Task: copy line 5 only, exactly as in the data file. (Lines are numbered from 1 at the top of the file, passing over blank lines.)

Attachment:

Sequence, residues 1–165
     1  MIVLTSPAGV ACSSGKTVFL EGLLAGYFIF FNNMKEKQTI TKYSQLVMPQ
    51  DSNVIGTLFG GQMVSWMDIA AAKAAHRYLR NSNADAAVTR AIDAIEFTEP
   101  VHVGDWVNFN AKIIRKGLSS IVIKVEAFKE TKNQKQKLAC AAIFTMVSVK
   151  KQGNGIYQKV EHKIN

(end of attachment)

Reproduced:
   151  KQGNGIYQKV EHKIN